1929 Ford Flathead 22 Jr. Tony Nancy RoadsterSOLD

RM Auctions - Monterey Sports & Classic Car Auction - August 16-18

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Estimate: $350,000-$450,000 US

AUCTION RESULTS: Lot was Sold at a price of $192,500

Specifications: 300bhp, supercharged L-head V-8 engine, three-speed manual transmission, solid front axle with semi-elliptic leaf spring, solid rear axle with semi-elliptic leaf spring and hypoid drive, two-wheel (rear) hydraulic brakes. Wheelbase: 106"

Tony Nancy and his always-immaculate, always-competitive racecars appeared on Hot Rod Magazine covers five times. The first occasion was December, 1957, in a feature called “ Flathead, one more time. ” Ford had stopped building its obsolete flatheads in 1953, but rodders didn ’ t rush to replace them with Ford ’ s first OHV V-8s. Beginning in 1955, heresy was in full swing. Chevrolet ’ s lightweight, high-revving, overhead-valve, small-block V-8 put most racing flattys on their trailers overnight. But Tony had an ace up his sleeve, with a crack engine builder in his corner.

Tom Sparks, a meticulous West Hollywood engine expert and tuner, cut his hop-up teeth at Eddie Meyer Engineering. The aptly-named Sparks first made rodding headlines in 1954, when his colorful, four-car, Sparks & Bonney racing team jumped off the cover of Rod & Custom. Tommy knew how to coax every ounce of power out of Ford ’ s aging “ underhead valve ” motor. He was certain the hot set-up was not a big displacement stroker. Instead, he wanted to help Ford ’ s venerable, long-stroke design to rev significantly (and reliably) higher. Sparks understood supercharging was key to overcoming the flathead ’ s inherent breathing difficulties. He ’ d had already proven the merit of this philosophy with a consistently-winning Willys drag coupe that took home 55 trophies in one season.

Using that same 256-cu. in. flathead V-8, set back under the altered firewall, with a serious 3 3/8-inch bore, but destroked 1/8th-inch, gave Sparks the solid foundation he needed. A Gilmore belt-driven Italmeccanica blower got its urge from every clever, top-of-the line, go-fast upgrade he could devise: three drilled-out Stromberg 97s, a Harman and Collins magneto, steel main bearing caps, screw-in valve seats, polished ports, improved crankcase ventilation, hand-lapped, precisely-balanced rods and pistons, even a center exhaust divider for the siamesed middle cylinders. To save weight, the radiator was omitted.

The Mercury block was artfully ported and relieved; even the Edelbrock heads had been massaged. Tommy ’ s goal was better and faster mixture flow, using the hottest fuel he could devise. Reportedly, the high-revving, 7,000- rpm wailer swilled down a full gallon of 70 percent nitro mix for each 1/4th mile pass. A Moon spun aluminum fuel tank was mounted in the trunk, over the rear axle.

Working out of his Sherman Oaks trim shop, Tony Nancy massaged a set of deuce rails, drilled them where appropriate, for lightness, and fabricated a roll bar under the cowl, as well as a center-braced, full rear hoop for driver protection. He connected the two bars with stiffening rods that ran through the cockpit, and substituted tubular crossmembers for added rigidity.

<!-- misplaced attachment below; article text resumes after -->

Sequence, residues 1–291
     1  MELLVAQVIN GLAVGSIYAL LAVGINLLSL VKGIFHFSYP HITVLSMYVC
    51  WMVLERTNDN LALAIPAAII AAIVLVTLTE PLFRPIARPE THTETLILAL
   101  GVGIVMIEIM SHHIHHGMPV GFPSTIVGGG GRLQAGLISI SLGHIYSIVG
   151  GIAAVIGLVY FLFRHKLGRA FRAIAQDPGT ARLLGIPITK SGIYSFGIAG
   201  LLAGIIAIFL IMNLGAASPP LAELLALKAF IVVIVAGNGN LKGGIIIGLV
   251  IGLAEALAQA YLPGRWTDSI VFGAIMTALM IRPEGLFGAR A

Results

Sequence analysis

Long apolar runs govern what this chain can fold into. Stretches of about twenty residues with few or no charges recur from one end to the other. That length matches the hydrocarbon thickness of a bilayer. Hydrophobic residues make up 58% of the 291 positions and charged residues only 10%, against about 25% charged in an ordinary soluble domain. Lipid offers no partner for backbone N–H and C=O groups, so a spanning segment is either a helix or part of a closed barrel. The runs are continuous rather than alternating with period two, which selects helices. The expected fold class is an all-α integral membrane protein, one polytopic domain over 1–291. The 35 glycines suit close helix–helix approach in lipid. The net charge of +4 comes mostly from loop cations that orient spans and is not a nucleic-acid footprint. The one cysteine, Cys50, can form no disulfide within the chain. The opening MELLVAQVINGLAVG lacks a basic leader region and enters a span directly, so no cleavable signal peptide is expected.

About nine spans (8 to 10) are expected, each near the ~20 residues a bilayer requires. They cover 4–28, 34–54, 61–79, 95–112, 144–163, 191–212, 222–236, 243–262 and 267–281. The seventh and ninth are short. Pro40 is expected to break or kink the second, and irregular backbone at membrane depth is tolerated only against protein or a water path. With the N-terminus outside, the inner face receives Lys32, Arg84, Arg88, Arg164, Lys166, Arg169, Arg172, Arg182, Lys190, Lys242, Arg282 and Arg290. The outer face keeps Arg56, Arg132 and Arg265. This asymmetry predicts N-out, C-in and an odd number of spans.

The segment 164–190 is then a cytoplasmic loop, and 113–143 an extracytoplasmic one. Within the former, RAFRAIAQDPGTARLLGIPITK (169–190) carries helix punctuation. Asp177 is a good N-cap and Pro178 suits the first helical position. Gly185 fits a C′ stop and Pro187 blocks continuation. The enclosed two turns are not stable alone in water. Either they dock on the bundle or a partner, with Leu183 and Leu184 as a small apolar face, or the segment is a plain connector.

The racing number came from the fact that Tony favored the number ‘ 2 ’ and because he was competing with a smaller-displacement engine against bigger mills, he used the suffix, ‘ Jr. ’

A straight Ford beam axle, center-mounted ’ 37 Plymouth steering, a ’ 40 Ford steering wheel, handmade hairpin wishbones and tube shocks anchored the brakeless front end. Tony hand-fashioned flat aluminum wheel discs to reduce wind resistance. Ribbed rubber in front, slicks behind, a carefully-assembled ’ 39 Ford gearbox with a 26- tooth Lincoln-Zephyr close-ratio first and second gearset, and a locked rear end made up the driveline.

The blazing orange, absolutely immaculate, center-steered ’ 29 Model A roadster, was the first of what would be a long skein of famed 22 Jr ’ s. Despite the somewhat fragile three-speed box and Zephyr cluster, Tony held the X- Fuel class ET and class-specific top speed records, turning consistent 135-136-mph runs in the high 10s. “

Flatheads forever?, ” asked HRM ’ s editors. “ Some folks are still wondering after Tony ’ s A/ V-8 swamped a big 400-inch Chrysler-powered roadster at recent drags. ” Tony ’ s secret was careful preparation, that high-winding, Sparks-built de-stroker, and he was a fast-acting hole-shot artist who could run with the best of them.

Restored to a meticulous high standard under the watchful eye of Tony Nancy collector Dan LaCroix, it is presented today precisely as it was when it successfully competed, with a Tom Sparks-built blown flathead. This first 22 Jr. has been a feature car at the NHRA Bakersfield Reunion, as well as many other events and since its restoration has been displayed at the NHRA and Petersen Automotive Museums. The owner relates that five racing trophies are included with the car as well as a document file containing many articles and photographs from its heyday.

One of the first drag racing roadsters to earn significant National recognition, Tony Nancy ’ s bright orange beauty set new standards for its class and the sport of hot rodding. It ’ s a significant collector hot rod and a tribute to both Tom Sparks and Tony Nancy.

Reference Number 10092

as of 6/1/2007

Car 1929 Ford Flathead 22 Jr. Tony Nancy Roadster
VIN 22JR0001 
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